Dayton’s PR Hand In Budget Negotiations Is Strong

Unless Minnesota’s political climate has changed dramatically from two years ago, Governor Dayton looks to have a much stronger public relations hand to play in upcoming budget negotiations than the Republican-controlled Legislature.

Dayton supports fixing the budget shortfall with a combination of spending cuts and tax increases, a combo platter approach that was supported by the largest group of Minnesotans in an April 2009 Star Tribune poll (look for a simlar Star Tribune poll any day now). Meanwhile, Republicans support fixing the shortfall with spending cuts only, an approach supported by a smaller 40% segment of the population.

When you get down to the level of the two parties’ specific centerpiece proposals, Dayton’s hand gets stronger and the Republican legislators’ hand gets weaker. Republican legislators’ cuts are leaning heavily in the direction of cutting health care for poor people, a position supported by just 22% of Minnesotans. At the same time, Dayton’s much maligned proposal to tax the wealthiest Minnesotans was supported by 67% of Minnesotans in 2009. That’s a 55 point advantage for Dayton.

Dayton proposal in blue, GOP Legislature proposal in red.

So how is it that the Dayton position supported by two-thirds of Minnesotans is consistently declared by the news media to be politically untenable and therefore unfit for serious consideration in budget negotiations?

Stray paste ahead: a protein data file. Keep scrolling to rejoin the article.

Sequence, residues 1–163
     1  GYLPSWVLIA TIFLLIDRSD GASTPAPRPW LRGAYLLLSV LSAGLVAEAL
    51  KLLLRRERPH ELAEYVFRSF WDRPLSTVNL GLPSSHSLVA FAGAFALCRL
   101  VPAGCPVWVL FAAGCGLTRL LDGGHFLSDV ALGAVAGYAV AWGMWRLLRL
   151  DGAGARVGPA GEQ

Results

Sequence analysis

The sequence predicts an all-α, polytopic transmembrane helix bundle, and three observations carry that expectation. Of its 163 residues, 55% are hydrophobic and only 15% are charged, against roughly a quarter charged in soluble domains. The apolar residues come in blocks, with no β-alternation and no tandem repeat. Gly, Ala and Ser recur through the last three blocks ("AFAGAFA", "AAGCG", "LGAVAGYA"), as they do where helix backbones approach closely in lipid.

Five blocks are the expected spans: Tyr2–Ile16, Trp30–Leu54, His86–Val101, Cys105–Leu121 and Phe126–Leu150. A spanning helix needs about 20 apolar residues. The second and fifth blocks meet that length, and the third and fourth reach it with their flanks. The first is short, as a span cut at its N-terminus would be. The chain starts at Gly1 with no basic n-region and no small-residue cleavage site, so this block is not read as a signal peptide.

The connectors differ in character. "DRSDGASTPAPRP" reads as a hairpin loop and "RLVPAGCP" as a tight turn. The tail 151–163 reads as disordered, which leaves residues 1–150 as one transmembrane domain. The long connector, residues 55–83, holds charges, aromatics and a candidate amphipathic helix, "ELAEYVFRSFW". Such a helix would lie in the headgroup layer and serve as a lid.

If the budget debate were a poker game — and it obviously is a higher stakes contest than that –I’d much rather have Dayton’s hand than the Republican Legislature’s hand.

– Loveland

25 thoughts on “Dayton’s PR Hand In Budget Negotiations Is Strong

  1. Newt says:

    Joe – this is such a misread of the political climate!

    The GOP needs to pass its budget bill, then go home. Dayton will be THE ONE PERSON left holding the bag when the government shuts down when he refuses to sign it. All eyes will be on him alone.

    The DFL is totally boxed in now because its ONLY political tool – spending – is now firmly in the hands of the GOP.

    The electorate has spoken.

    1. Joe Loveland says:

      Is this the same electorate that gave 56% of the vote to the two gubernatorial candidates – Dayton and Horner -who made tax increases high visibility centerpieces of their campaigns?

    1. Joe Loveland says:

      Sounds like the majority in the middle wants a balanced approach, with both spending cuts and tax increases for the wealthy.

      1. Newt says: